Micky Sedota discovered the murals while she and her grandmother were looking for information about their Croatian heritage. Together they found common ground and mutual appreciation of their differing views. Micky especially appreciates “Mary on the Battlefield” for its depiction of “the endurance of a mother’s love and the invincibility of the human spirit.”

Andrew Stefanick

Andrew Stefanick grew up attending St. Nicholas church and doesn’t remember a time before he knew the murals. He especially appreciates Vanka’s love of nature. Andrew believes that because the murals contain universal themes and values, “all who visit can find a bit of themselves and their histories, no matter their background.”

Vanessa Vought discovered the murals while attending a funeral. Raised in churches that did not have any religious artwork, she found Vanka Murals both impressive in scope and personal in their concern for the experiences of the parish community. Vanessa enjoys introducing others to these “snapshots of history.”

Kelly Wall remembers first seeing the Murals during an evening mass in Catholic grade school. Although intimidated as a 6-year-old, Vanka’s unforgettable work brought her back. As a history teacher, she especially appreciates how the Murals challenge visitors to reflect on humanity and our role within it.

Caitlin Yeager was blown away the first time she saw the Murals, not only by how visually stunning they are, but by the endless conversations that can be had about them. After stepping away from over a decade in Museum Education and Art Education, she was getting the itch to come back to teach and could hear the murals calling.

Advisory Council

Susan H. Brownlee
Former Executive Director, Fine Foundation

David Conrad
Writer and Actor

Rene Conrad
Executive Director, New Hazlett Theatre

Heidi Cook, Ph.D.
Assistant Professor of Art History, Truman State University

John Halderman (Vanka Family)
Assistant Counsel, Exelon Corporation

Marya Halderman (Vanka Family)
Michelle King, Educational Instigator and Love Activist

Danielle Linzer
Senior Director of Education and Research, Children’s Museum of Pittsburgh/MuseumLab

Eric Menninger
Nonprofit Consultant

Christine Mondor
Principal/Founder, EvolveEA

Mary Navarro
Nonprofit Consultant

Judith Hansen O’Toole
Executive Director, The Fine Foundation

Ronald Poropatich, MD
Professor of Medicine, University of Pittsburgh and Member, St. Nicholas Croatian Catholic Church

Jackie Smith, Ph.D.
Professor of Sociology, University of Pittsburgh

Rev. Nicholas S. Vaskov
Director of the Shrines of Pittsburgh

Jane Werner
Executive Director, Children’s Museum of Pittsburgh

Scott Wolovich
Executive Director, New Sun Rising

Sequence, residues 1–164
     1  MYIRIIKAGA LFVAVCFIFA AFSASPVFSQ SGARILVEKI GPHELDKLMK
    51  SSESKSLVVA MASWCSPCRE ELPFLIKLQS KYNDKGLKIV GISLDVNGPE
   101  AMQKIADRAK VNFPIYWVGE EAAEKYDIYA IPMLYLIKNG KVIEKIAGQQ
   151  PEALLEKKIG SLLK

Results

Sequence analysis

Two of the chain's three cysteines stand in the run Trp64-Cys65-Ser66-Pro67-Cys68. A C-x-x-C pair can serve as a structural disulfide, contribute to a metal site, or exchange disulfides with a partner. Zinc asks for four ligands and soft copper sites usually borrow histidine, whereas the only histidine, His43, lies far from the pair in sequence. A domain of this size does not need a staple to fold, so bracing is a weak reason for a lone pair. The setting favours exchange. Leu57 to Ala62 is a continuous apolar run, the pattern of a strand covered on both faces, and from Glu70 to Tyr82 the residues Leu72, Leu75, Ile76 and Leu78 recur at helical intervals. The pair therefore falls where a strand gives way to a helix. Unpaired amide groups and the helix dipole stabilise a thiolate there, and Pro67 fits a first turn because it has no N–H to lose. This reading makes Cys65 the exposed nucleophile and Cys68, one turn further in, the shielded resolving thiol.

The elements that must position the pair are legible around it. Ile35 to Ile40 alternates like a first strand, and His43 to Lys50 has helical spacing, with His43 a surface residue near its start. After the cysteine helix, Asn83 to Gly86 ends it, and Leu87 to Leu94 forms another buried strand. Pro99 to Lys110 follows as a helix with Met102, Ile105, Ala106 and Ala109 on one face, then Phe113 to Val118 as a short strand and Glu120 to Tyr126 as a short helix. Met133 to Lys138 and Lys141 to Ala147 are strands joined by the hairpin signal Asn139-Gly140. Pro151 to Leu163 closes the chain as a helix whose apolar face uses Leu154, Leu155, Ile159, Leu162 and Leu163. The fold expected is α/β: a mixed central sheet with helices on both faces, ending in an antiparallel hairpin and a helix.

Message to our community

The Society to Preserve the Millvale Murals of Maxo Vanka stands in solidarity with the Black community and against the violence, racism, social injustice and abuse of privilege that we continue to witness in our country and the world that have taken the lives of George Floyd, Breonna Taylor, Ahmaud Arbery and so many more.

Maxo Vanka’s murals includes universal and timeless commentary on societal issues. His paintings tell many stories, but they were also meant to illuminate and challenge painful truths, to call-out injustice, to provoke difficult conversations, and to inspire change. It is disheartening to acknowledge the extent to which their relevance has yet to fade.

Stewarding and sharing the Vanka Murals are not enough. As an organization, we must commit to the hard work; the inward and outward facing actions that help us live, grow and honor the power and meaning of the Vanka Murals.  We must and we will:

  • actively listen and help to amplify the voices that need to be heard now and in the future.
  • increase inclusivity among our Board, Advisory Council, staff and volunteers.
  • ensure that diverse perspectives and lived experiences are reflected in our interpretation of the murals.
  • collaborate to create community conversations inspired by current events and themes within the murals that lead toward honest recognition of injustices and produce positive strategies and actions.
  • expand revenue-sharing and awareness-raising partnerships with community organizations working on issues that resonate with the themes of the murals such as social and economic injustice, immigration, violence and more.

Our eyes, ears, hearts and minds are open to other ways we can contribute to our community and beyond and help make positive change happen. SPMMMV stands as a partner that will advocate for and work toward creating a more just society.